Referring now to FIG. 2, and additionally with reference to FIGS. 3A-3D, details of charge pump power supply 10 are shown. When the first operating mode (Mode 1) is selected, the Mode Select signal is in the logical high (“1”) state, and switch S8 is closed, to apply the Vbatt+ voltage directly to the out+ terminal. FIG. 3A and FIG. 3B show the circuit connection arrangement for Mode 1 in the first and second clock phases, respectively, omitting open switches and inactive circuit components. Switches S1, S2 and S4 are open and not activated in the first operating mode, as logical AND gates AND10 and AND11 disable the control signals to switches S1, S2 and S4, as the inverted Mode Select signal provided by inverter I10 is in a logical low (“0”) state. For a single-ended (unipolar) power supply, capacitors C12-C13, switches S3, S6 and switch S7 are omitted. As illustrated in FIGS. 3A-3B, in Mode 1, the positive power supply voltage at terminal out+ is supplied directly from the positive input terminal Vbatt+.
To produce the negative output supply voltage in mode 1, the input voltage provided between input terminals Vbatt+ and Vbatt− is inverted by a voltage inverter. In phase one (Φ1) of mode 1, switch S3 is closed and switch S6 is closed, which charges capacitor C12 by connection across input terminals Vbatt+ and Vbatt−, as illustrated in FIG. 3A. While FIGS. 3A-3D show polarized capacitors C10-C13 for purposes of clarity, it is understood that polarized capacitors are not required and that non-polarized capacitors can be utilized for capacitors C10-C13. In phase two (Φ2) of mode 1, switch S3 and switch S6 are opened and switch S5 and switch S7 are closed, which reverses the terminal of capacitor C12 applied to the Vbatt− input terminal. Switch S7 applies the terminal of capacitor C12 that was applied to the Vbatt− input terminal in phase one, to the negative output terminal out−, as further illustrated by FIG. 3B. The switching action described above provides a negative voltage at the out− terminal with respect to the Vbatt− terminal that is substantially equal to the magnitude of the voltage between the out+ terminal and the Vbatt− terminal, which acts as the reference midpoint voltage (ground) at the junction between output capacitors C11 and C13.
In the second operating mode (Mode 2), which is active when the Mode Select signal is in the logical low (“0”) state, switch S8 is opened. In phase one (Φ1) of Mode 2, switches S1 and S4 are closed, which apply capacitor C10 in series with output capacitor C11 across the Vbatt+ and Vbatt− terminals, as further illustrated in FIG. 3C. In phase two (Φ2) of Mode 2, switches S1 and S4 are opened and switches S2 and S5 are closed, which connect capacitor C10 in parallel with capacitor C11 as further illustrated in FIG. 3D. Since the second phase of mode 2 equalizes the voltage on capacitors C10 and C11, the stable operating point of the circuit is such that the input voltage between the Vbatt+ and Vbatt− terminals will be split equally during the charging phase, irrespective of the relative capacitance of C10 and C11. Thus the voltage at the out+ output terminal in Mode 2 will be half of the voltage across the Vbatt+ and Vbatt− terminals. Other ratios can be constructed by switching more capacitors in series with capacitors C10 and C11 during phase one, and connecting them all in parallel during phase two. For example, a voltage of one third of the input battery voltage may be produced by using three capacitors connected alternatively in series across the battery terminals and parallel between the out+ terminal and the Vbatt− terminal.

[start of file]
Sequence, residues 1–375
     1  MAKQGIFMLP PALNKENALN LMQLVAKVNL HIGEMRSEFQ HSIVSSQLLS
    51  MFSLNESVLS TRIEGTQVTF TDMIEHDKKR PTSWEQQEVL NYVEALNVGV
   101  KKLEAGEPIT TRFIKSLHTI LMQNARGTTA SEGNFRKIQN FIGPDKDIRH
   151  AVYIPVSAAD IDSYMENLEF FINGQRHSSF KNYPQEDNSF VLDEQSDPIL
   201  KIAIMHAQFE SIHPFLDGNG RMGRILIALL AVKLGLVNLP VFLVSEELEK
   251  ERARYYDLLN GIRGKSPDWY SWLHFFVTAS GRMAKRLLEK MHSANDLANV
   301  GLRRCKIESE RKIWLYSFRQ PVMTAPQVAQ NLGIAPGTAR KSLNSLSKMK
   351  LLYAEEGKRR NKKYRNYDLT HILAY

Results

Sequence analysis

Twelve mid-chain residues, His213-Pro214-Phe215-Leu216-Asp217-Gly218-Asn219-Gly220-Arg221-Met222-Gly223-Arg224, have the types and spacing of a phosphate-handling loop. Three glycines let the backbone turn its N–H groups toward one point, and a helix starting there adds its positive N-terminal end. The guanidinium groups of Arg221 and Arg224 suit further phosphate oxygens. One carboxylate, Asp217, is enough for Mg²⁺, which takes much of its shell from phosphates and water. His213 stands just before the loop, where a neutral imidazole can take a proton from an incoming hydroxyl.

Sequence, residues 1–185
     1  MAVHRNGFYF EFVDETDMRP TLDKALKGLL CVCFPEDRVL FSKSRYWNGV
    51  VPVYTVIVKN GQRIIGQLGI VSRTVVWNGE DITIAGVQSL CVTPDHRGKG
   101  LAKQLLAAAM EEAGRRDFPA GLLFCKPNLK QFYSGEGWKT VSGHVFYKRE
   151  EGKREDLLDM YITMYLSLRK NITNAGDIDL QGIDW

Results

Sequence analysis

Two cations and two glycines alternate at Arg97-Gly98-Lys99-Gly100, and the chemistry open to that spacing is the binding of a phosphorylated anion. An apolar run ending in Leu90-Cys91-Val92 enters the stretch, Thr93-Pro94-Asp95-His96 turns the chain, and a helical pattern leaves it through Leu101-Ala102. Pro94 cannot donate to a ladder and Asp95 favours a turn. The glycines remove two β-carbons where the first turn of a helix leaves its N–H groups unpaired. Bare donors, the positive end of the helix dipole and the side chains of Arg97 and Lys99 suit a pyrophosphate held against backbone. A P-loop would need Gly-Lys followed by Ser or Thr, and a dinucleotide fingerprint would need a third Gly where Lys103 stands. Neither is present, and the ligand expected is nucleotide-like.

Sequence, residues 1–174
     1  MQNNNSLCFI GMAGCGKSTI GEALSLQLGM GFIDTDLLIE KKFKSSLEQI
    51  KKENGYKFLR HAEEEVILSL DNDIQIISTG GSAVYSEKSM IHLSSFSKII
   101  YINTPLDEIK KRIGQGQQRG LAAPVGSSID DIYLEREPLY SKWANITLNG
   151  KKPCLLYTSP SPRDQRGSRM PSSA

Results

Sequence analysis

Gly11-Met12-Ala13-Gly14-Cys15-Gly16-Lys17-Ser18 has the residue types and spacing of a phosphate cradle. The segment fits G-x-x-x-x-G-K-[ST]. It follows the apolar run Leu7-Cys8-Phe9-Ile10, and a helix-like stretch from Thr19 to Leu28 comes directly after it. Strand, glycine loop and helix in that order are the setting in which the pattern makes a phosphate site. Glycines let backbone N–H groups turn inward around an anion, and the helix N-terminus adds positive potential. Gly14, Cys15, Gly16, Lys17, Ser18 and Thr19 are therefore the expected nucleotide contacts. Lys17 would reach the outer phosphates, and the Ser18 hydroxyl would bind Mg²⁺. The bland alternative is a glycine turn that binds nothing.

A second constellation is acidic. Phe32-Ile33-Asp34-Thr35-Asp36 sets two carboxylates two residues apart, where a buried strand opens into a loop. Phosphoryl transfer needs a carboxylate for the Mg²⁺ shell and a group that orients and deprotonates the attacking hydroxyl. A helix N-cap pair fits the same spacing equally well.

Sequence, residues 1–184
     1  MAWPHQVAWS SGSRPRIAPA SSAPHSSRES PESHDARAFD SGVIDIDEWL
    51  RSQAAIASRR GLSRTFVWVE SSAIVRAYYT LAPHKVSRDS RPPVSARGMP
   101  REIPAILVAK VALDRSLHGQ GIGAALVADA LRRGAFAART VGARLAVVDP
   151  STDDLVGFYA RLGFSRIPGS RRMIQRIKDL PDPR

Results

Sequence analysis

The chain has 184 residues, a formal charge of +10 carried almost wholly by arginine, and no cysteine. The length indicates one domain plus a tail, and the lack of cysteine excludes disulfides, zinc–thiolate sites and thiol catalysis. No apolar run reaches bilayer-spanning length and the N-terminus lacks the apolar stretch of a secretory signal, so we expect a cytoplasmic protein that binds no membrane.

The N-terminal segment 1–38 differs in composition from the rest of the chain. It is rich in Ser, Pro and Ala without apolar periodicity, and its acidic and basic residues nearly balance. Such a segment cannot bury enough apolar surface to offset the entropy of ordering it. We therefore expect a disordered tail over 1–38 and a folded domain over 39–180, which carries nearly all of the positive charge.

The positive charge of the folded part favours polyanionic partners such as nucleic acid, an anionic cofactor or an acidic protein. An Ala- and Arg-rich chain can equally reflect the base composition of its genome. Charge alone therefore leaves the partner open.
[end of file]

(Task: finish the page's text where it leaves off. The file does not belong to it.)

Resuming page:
The negative supply in the second operating mode (Mode 2) is provided in a manner similar to that of the first operating mode and the connections of capacitor C12 are shown in FIG. 3B and FIG. 3D, as being the same. However, as illustrated in FIG. 3C, since switch S8 is open in the second operating mode, during phase one of Mode 2, capacitor C12 is charged from the out+terminal rather than the Vbatt+ terminal as was shown in FIG. 3A for Mode 1. Switch S4 performs the operation of connecting capacitor C12 to the out+ terminal, as illustrated in FIG. 3C, along with the above-described operation of applying capacitor C10 in series with capacitor C11 in phase one for the positive power supply and therefore the relative phases between the voltage inverter supplying the out− voltage and the circuit supplying the out+ voltage must be maintained in the depicted configuration. Otherwise, eight switches may be utilized and the common connection between capacitor C10 and C12 broken. The additional switch would be provided between capacitor C12 and the out+ terminal, and would be active in Mode 2, phase 1. It is also possible to further reduce the number of switches from seven to six, by removing switch S3 and controlling switch S4 with the unqualified (Φ1) signal. However, the inclusion of switch S3 reduces the impedance of the power supply path in the first operating mode, which is the highest voltage/current operating mode. Therefore, it is generally advantageous to include switch S3 in the circuit.